EZG reviews Purple Mountain V: The Descent
The fifth installment of Purple Duck Games old-school mega-dungeon crawl is 46 pages long, 1 page front cover, 1 page editorial, 2 pages of SRD – so can the fifth module maintain the streak of stellar modules that have recently graced the Purple Mountain? We’ll see!
This being an adventure-review, the following contains SPOILERS. Potential players should jump to the conclusion.
Any DM who has ever run a mega-dungeon had this experience: At some point, even in hostile depths, the players need a homebase to study, retreat to etc. Preferably one that is not as monster-infested and/or hard to access/easy to defend. Enter this level, which not only spans a variety of heights (as evidenced by 4 maps, lending a sense of depth to the module), but also an uncommon premise, but let me go on a slight tangent first:
Let’s face it: The underdark is a damn scary place – more so in a dungeon. Even before monsters and vile civilizations enter the fray, the claustrophobic sense of entrapment is a very real danger we all can relate to – as is the sheer weirdness of what can be encountered in the depth. When I saw my first stalactite, dove into the first subterranean pool of water, I felt a sense of exhilaration derived from an explorer’s mien that is so hard to come by these days as well as a profound sense of the alien, of a place not meant for men. Many modules forget this sentiment of feeling like one doesn’t belong – not so this one, for this level of Purple Mountain actually is an investigation.
Yes. An investigation. In a dungeon crawl. And one that actually makes sense! But let me elaborate: This level is essentially the story of a “safe zone” gone horribly awry – the adventuring group that once made this place their base has suffered a terrible fate, having been driven slowly into a paranoid insanity by subtle fungus spores lacing everything. As an old Ravenloft-DM, I’m all too aware of the power of sowing paranoia and distrust not only between characters, but also players, but the way in which this module does it is awesome, because it’s subtle – because you don’t expect it. As the PCs explore the place and unearth the puzzle-pieces that paint a disturbing tale of suicide, hatred and escalating violence, so do they slowly descend into madness, lest they take heed and carefully nurture bonds of trust – a glorious opportunity for roleplaying, which may be handled sans mechanics or with them: Either option for the paranoia-inducing fungus is given.
Beyond even that, the areas per se actually feature one of the creepiest adversaries I’ve seen in quite a while and provide some rather horrific experiences a DM can further enhance by the virtue of this level’s special qualities. And yes, before you ask – there is enough to be done for all those aficionados of hacking and slashing things to pieces – it’s simply not the module’s only (or even cardinal) virtue. Another interesting facet of this installment of Purple Mountain would be the fact that, yes, we once again get the useful lists of treasure etc. and their value, and yes, the treasure is above what one would expect -but the respective treasure is also not always easily transportable, unwieldy or simply hard to find – so yeah, something I can get behind. Another thing I’d especially like to point out towards any authors really: If you craft elaborate back stories (helloooo, PFS!), make room for the PCs to actually GET TO EXPERIENCE/PIECE TOGETHER the story. This module does it right – by putting together the pieces, the PCs can actually find the cause of what has happened, making the module succeed where so many have failed – and without resorting to captain exposition to boot! And yes, I’m aware I’m being uncommonly vague about the details here – but I wouldn’t be able to do them justice here and I really think you should see for yourself.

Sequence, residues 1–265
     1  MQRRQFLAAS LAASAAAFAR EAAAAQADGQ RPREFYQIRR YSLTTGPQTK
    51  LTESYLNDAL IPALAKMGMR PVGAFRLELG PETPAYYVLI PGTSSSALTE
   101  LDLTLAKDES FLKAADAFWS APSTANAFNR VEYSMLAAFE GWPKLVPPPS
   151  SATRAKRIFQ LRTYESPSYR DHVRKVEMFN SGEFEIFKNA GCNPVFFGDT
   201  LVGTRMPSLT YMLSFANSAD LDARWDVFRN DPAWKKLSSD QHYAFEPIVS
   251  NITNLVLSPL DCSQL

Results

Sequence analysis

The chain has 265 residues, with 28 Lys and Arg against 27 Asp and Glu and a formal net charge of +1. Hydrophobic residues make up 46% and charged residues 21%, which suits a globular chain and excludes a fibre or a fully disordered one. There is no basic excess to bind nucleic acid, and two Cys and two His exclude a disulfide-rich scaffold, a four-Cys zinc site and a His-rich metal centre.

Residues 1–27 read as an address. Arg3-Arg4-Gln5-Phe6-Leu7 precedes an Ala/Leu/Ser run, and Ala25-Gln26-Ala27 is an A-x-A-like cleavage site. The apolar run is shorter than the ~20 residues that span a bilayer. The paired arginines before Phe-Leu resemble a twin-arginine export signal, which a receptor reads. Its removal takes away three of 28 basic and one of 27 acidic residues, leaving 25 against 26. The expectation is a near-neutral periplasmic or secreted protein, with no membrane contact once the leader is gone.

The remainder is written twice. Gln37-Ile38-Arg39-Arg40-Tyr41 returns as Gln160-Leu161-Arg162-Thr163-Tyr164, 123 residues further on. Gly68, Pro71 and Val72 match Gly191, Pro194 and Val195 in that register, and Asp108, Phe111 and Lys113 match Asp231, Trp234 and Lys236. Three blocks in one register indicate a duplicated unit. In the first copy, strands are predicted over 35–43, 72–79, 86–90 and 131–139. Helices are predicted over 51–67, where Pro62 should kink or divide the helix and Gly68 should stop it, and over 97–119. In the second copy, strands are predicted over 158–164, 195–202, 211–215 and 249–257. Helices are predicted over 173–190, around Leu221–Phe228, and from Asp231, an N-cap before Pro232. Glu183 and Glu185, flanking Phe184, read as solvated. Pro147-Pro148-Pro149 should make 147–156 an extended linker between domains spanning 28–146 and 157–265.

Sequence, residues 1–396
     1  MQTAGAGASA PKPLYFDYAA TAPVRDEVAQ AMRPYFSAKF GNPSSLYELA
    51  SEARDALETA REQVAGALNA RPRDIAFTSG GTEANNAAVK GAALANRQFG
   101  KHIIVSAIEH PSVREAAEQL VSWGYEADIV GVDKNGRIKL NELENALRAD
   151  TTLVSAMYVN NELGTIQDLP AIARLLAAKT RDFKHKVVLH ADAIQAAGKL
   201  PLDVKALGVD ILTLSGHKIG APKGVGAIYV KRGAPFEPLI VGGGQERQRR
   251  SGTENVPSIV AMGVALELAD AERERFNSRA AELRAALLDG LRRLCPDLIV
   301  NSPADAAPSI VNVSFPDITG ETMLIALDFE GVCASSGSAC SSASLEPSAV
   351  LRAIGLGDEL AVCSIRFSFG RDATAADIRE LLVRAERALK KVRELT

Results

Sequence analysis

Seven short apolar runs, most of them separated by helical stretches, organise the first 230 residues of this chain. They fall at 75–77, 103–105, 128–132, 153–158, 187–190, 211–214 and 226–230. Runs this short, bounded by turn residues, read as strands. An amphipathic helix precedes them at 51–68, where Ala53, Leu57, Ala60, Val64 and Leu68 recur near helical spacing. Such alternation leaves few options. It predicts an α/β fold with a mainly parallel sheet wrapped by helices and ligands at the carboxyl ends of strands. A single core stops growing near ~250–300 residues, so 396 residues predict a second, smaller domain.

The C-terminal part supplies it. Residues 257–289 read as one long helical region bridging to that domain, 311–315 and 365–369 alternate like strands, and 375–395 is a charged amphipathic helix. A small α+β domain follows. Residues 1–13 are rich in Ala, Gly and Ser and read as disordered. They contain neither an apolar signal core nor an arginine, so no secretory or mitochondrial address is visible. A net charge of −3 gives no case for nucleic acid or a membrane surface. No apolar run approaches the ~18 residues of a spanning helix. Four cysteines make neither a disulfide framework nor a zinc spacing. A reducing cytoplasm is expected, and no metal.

Editing and formatting are top-notch, I didn’t notice any glitches. Layout adheres to PDG’s 2-column printer-friendly standard and the module comes with some really nice pieces of full color, original artwork. Furthermore, the pdf comes fully bookmarked and with player-friendly high-res maps of the complex. The cartography does its job and the pdf comes fully bookmarked for your convenience.
Third in a row. There are not many series that have done it – Purple Mountain now officially has. Author Josh McCrowell does not disappoint after the stellar third and fourth installment and adds his own twisted take on paranoia, horror even, by providing this eclectic mix of brains and brawns, a module that can be a crawl, but works just as well as an investigation, by creating a dungeon-module that could be toned up to emphasize the fantasy or the horror aspect, “as”, the bard would have said, “you like it.” For once, roleplaying does not fall by the wayside in a dungeon crawl and the intricately-crafted level of detail and sheer ingeniousness of the place makes this once again a 5 star+ seal of approval recommendation and further cements Purple Mountain as a dungeon you should not let you pass by – especially since it works so easily as an insert into just about any other subterranean complex. Old-school dungeon awesomeness indeed.